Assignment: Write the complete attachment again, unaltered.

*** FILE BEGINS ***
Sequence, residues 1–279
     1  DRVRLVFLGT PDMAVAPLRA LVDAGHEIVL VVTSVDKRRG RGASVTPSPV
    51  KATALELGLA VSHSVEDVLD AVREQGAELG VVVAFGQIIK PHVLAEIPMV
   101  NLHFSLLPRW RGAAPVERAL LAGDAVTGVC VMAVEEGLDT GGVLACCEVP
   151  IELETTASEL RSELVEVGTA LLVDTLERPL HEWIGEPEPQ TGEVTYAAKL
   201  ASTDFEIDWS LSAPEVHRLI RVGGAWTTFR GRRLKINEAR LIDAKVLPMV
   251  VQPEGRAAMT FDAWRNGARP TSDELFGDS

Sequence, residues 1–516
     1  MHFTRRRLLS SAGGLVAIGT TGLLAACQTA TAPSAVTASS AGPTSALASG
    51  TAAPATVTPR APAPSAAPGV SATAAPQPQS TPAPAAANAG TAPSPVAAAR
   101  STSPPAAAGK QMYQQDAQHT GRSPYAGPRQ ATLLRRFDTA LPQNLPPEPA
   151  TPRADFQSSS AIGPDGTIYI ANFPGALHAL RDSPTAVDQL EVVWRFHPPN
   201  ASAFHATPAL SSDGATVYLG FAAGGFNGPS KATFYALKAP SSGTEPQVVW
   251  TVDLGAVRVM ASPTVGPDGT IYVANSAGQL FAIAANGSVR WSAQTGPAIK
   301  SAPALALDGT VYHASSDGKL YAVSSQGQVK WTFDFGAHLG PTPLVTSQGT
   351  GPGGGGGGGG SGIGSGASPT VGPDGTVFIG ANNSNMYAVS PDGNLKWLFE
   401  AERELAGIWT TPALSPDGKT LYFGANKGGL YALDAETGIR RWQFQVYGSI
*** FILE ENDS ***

Sequence, residues 1–279
     1  DRVRLVFLGT PDMAVAPLRA LVDAGHEIVL VVTSVDKRRG RGASVTPSPV
    51  KATALELGLA VSHSVEDVLD AVREQGAELG VVVAFGQIIK PHVLAEIPMV
   101  NLHFSLLPRW RGAAPVERAL LAGDAVTGVC VMAVEEGLDT GGVLACCEVP
   151  IELETTASEL RSELVEVGTA LLVDTLERPL HEWIGEPEPQ TGEVTYAAKL
   201  ASTDFEIDWS LSAPEVHRLI RVGGAWTTFR GRRLKINEAR LIDAKVLPMV
   251  VQPEGRAAMT FDAWRNGARP TSDELFGDS

Sequence, residues 1–516
     1  MHFTRRRLLS SAGGLVAIGT TGLLAACQTA TAPSAVTASS AGPTSALASG
    51  TAAPATVTPR APAPSAAPGV SATAAPQPQS TPAPAAANAG TAPSPVAAAR
   101  STSPPAAAGK QMYQQDAQHT GRSPYAGPRQ ATLLRRFDTA LPQNLPPEPA
   151  TPRADFQSSS AIGPDGTIYI ANFPGALHAL RDSPTAVDQL EVVWRFHPPN
   201  ASAFHATPAL SSDGATVYLG FAAGGFNGPS KATFYALKAP SSGTEPQVVW
   251  TVDLGAVRVM ASPTVGPDGT IYVANSAGQL FAIAANGSVR WSAQTGPAIK
   301  SAPALALDGT VYHASSDGKL YAVSSQGQVK WTFDFGAHLG PTPLVTSQGT
   351  GPGGGGGGGG SGIGSGASPT VGPDGTVFIG ANNSNMYAVS PDGNLKWLFE
   401  AERELAGIWT TPALSPDGKT LYFGANKGGL YALDAETGIR RWQFQVYGSI